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1.
J Stroke Cerebrovasc Dis ; 30(1): 105456, 2021 Jan.
Artículo en Inglés | MEDLINE | ID: mdl-33171422

RESUMEN

BACKGROUND: Recent clinical trials suggest that it is safe to acutely lower systolic blood pressure (BP) to 140 mm Hg after ICH, but uncertainty remains regarding optimal management. We sought to better define the link between BP and outcome in ICH patients using data from the Virtual International Stroke Trials Archive (VISTA). METHODS: We performed a retrospective analysis of patients of the VISTA-ICH trials. We measured the strength of association between systolic and diastolic BP various components at different timepoints with unfavorable 3 month-outcome, defined as death or moderate-to-severe disability at 3 months (mRS of 4-6), after adjustment for known confounders. We also dichotomized BP values obtained at 24 h at different thresholds to better define an optimal treatment target. The association of BP with hematoma expansion (HE) was also analyzed. RESULTS: A total of 384 patients were included. Higher BP at 24 hours was associated with unfavorable outcome for systolic BP (OR 1.16, 95% C.I. 1.07-1.25), pulse pressure (OR 1.13, 95% C.I. 1.03-1.24), and diastolic BP (OR 1.11, 95% C.I. 1.01-1.23) per 10 mm Hg increment. The association between higher BP at 24 h and unfavorable outcome remained significant down to >140 mm Hg. Elevated systolic BP at 24 h was also associated with HE (OR 1.11, 95% C.I. 1.02-1.21 per 10 mm Hg increment). CONCLUSION: Elevated BP after ICH at 24 h is associated with poor outcome. Our results support the practice of targeting a systolic BP of 140 mm Hg.


Asunto(s)
Presión Sanguínea , Hemorragia Cerebral/fisiopatología , Hipertensión/fisiopatología , Anciano , Hemorragia Cerebral/diagnóstico por imagen , Hemorragia Cerebral/mortalidad , Hemorragia Cerebral/terapia , Femenino , Humanos , Hipertensión/diagnóstico , Hipertensión/mortalidad , Hipertensión/terapia , Masculino , Persona de Mediana Edad , Pronóstico , Ensayos Clínicos Controlados Aleatorios como Asunto , Estudios Retrospectivos , Medición de Riesgo , Factores de Riesgo , Factores de Tiempo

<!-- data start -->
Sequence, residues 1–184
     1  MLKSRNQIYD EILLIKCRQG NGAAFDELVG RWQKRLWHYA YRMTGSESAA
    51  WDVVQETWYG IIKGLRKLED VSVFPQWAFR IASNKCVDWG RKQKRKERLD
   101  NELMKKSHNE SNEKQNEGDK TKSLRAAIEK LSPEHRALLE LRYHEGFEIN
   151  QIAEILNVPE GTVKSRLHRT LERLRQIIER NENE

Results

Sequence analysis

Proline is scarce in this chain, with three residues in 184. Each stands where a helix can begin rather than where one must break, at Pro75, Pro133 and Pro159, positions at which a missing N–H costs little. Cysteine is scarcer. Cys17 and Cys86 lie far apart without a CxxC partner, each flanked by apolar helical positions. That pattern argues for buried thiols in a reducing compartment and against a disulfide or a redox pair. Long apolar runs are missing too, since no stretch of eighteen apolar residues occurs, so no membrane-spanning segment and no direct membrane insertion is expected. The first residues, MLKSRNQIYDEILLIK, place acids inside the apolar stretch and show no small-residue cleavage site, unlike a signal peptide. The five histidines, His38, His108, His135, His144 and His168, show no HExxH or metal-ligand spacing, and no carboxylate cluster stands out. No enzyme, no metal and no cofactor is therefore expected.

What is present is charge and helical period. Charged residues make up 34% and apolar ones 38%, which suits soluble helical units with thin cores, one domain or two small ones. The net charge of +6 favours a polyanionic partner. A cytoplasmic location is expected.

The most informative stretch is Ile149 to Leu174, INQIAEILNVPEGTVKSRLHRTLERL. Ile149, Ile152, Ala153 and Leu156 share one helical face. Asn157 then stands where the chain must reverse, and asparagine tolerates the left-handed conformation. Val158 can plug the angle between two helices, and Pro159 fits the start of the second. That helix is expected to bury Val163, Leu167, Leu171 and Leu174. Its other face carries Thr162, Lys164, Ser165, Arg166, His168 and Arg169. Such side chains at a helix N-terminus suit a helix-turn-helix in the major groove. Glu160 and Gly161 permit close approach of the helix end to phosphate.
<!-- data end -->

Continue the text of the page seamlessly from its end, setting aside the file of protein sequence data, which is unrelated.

2.
PLoS One ; 15(12): e0243343, 2020.
Artículo en Inglés | MEDLINE | ID: mdl-33315929

RESUMEN

This study reviewed 395 young adults, 18-35 year-old, admitted for COVID-19 to one of the eleven hospitals in New York City public health system. Demographics, comorbidities, clinical course, outcomes and characteristics linked to hospitalization were analyzed including temporal survival analysis. Fifty-seven percent of patients had a least one major comorbidity. Mortality without comorbidity was in 3.8% patients. Further investigation of admission features and medical history was conducted. Comorbidities associated with mortality were diabetes (n = 54 deceased/73 diagnosed,74% tested POS;98.2% with diabetic history deceased; Wilcoxon p (Wp) = .044), hypertension (14/44,32% POS, 25.5%; Wp = 0.030), renal (6/16, 37.5% POS,11%; Wp = 0.000), and cardiac (6/21, 28.6% POS,11%; Wp = 0.015). Kaplan survival plots were statistically significant for these four indicators. Data suggested glucose >215 or hemoglobin A1c >9.5 for young adults on admission was associated with increased mortality. Clinically documented respiratory distress on admission was statistically significant outcome related to mortality (X2 = 236.6842, df = 1, p < .0001). Overall, 28.9% required supportive oxygen beyond nasal cannula. Nasal cannula oxygen alone was required for 71.1%, who all lived. Non-invasive ventilation was required for 7.8%, and invasive mechanical ventilation 21.0% (in which 7.3% lived, 13.7% died). Temporal survival analysis demonstrated statistically significant response for Time to Death <10 days (X2 = 18.508, df = 1, p = .000); risk lessened considerably for 21 day cut off (X2 = 3.464, df = 1, p = .063), followed by 31 or more days of hospitalization (X2 = 2.212, df = 1, p = .137).


Asunto(s)
/mortalidad , Complicaciones de la Diabetes/mortalidad , Hipertensión/mortalidad , /patogenicidad , Adolescente , Adulto , /terapia , Enfermedades Cardiovasculares/complicaciones , Enfermedades Cardiovasculares/mortalidad , Enfermedades Cardiovasculares/terapia , Enfermedades Cardiovasculares/virología , Complicaciones de la Diabetes/complicaciones , Complicaciones de la Diabetes/patología , Complicaciones de la Diabetes/virología , Femenino , Humanos , Hipertensión/complicaciones , Hipertensión/terapia , Hipertensión/virología , Enfermedades Renales/complicaciones , Enfermedades Renales/mortalidad , Enfermedades Renales/terapia , Enfermedades Renales/virología , Masculino , Ciudad de Nueva York/epidemiología , Oxígeno/uso terapéutico , Pandemias , /mortalidad , /virología , Adulto Joven